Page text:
Brinton Averil Smith


Janice and Thomas Barrow Chair

Cellist Brinton Averil Smith continues to win rave reviews for virtuosic performances with musical ideals rooted in the golden age of string playing. His debut recording of Miklós Rózsa’s Cello Concerto with the New Zealand Symphony Orchestra won widespread international critical acclaim, with Gramophone praising Smith as a “hugely eloquent, impassioned soloist,” and his recording of the chamber music of Fauré with Gil Shaham was chosen by numerous critics as one of the year’s best albums. A passionate advocate of compelling unfamiliar repertoire, Smith recently gave the North American premieres of rediscovered works of Jean Sibelius and Alexander Zemlinsky. Smith’s performances, hailed as “stunningly beautiful” by the American Record Guide, have been broadcast on CBS’s Sunday Morning and on the radio throughout the United States, including American Public Media’s Performance Today and SymphonyCast.

Smith has appeared regularly as a soloist with the Houston Symphony since joining the orchestra as Principal Cellist in 2005. Prior to this appointment, he was the first musician chosen by Lorin Maazel to join the New York Philharmonic and was Principal Cellist of the San Diego and Fort Worth Symphonies. As a chamber musician, Smith has collaborated with artists including Yo-Yo Ma, Gil Shaham, Cho-Liang Lin, James Ehnes, Lynn Harrell, Sarah Chang, Dawn Upshaw, and members of the Beaux Arts Trio and the Guarneri, Emerson, Juilliard, Cleveland, and Berg quartets. Smith is also a faculty member of the Shepherd School of Music at Rice University and Aspen Music Festival.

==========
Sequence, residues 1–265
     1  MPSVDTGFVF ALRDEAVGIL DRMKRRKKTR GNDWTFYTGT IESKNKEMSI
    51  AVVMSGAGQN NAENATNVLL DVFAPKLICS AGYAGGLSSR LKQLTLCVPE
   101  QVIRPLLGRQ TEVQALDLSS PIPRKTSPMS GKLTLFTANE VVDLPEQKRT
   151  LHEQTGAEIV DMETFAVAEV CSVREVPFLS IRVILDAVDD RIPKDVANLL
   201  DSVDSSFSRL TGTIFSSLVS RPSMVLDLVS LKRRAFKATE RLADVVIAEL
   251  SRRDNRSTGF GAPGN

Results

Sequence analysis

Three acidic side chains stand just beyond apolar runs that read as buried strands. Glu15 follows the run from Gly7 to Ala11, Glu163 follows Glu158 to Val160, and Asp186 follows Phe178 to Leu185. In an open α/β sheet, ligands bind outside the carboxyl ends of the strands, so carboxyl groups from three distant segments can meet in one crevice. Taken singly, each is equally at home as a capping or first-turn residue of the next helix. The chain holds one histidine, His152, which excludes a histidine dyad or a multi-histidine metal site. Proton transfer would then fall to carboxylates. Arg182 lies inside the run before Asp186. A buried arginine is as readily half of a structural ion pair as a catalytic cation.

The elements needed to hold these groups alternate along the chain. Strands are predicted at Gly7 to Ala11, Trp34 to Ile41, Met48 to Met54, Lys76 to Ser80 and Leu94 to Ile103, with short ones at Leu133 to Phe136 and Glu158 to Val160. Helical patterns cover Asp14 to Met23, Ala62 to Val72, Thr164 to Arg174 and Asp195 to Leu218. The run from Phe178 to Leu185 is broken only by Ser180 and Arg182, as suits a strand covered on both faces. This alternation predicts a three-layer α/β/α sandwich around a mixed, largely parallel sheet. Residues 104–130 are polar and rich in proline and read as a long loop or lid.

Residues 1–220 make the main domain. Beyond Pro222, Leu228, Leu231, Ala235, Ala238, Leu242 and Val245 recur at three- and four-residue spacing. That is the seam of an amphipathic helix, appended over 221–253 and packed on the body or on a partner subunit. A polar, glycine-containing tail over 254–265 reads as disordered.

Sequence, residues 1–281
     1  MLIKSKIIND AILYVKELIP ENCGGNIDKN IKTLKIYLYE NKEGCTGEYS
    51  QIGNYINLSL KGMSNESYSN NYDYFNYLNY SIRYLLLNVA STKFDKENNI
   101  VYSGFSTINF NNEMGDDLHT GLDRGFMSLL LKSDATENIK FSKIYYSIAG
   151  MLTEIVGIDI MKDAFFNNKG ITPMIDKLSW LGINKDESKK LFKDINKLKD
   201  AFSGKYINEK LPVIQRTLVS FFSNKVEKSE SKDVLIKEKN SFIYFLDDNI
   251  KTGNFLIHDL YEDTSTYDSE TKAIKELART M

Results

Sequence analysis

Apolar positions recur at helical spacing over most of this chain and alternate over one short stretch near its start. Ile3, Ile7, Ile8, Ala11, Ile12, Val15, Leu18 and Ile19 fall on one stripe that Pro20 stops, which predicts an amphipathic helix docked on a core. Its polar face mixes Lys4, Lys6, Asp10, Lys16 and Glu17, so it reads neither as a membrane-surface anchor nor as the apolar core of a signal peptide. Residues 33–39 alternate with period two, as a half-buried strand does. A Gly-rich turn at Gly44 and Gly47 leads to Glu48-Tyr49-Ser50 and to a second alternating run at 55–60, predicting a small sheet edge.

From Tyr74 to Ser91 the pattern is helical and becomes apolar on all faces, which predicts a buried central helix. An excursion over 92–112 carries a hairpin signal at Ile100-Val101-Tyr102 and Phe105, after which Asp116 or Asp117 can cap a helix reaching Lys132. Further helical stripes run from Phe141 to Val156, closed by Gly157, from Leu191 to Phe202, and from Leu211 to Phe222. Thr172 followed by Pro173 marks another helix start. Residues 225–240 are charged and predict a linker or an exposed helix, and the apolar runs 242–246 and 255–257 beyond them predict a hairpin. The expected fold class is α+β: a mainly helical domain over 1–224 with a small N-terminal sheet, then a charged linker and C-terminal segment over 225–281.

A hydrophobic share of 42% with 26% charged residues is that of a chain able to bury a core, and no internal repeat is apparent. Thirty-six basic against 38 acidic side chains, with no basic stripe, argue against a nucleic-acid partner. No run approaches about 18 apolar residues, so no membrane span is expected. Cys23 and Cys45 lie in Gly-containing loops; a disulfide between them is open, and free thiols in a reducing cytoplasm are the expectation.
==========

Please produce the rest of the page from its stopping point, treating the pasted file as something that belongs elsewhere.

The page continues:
The son of a mathematician and a pianist, Smith was admitted to Arizona State University at age 10, where he took courses in mathematics, music, and German. At age 17, Smith completed a Bachelor of Arts in Mathematics. He then became a student of Eleonore Schoenfeld at the University of Southern California, where he was also a teaching assistant in the mathematics department, and completed work for a Master of Arts in Mathematics at age 19. He subsequently studied with the renowned cellist Zara Nelsova at The Juilliard School, where he received a Doctor of Musical Arts, disserting on the playing of Emanuel Feuermann. Smith resides in Houston with his wife, pianist Evelyn Chen, their daughter, Calista, and two slightly evil, but kind-hearted dogs. For further information, please visit

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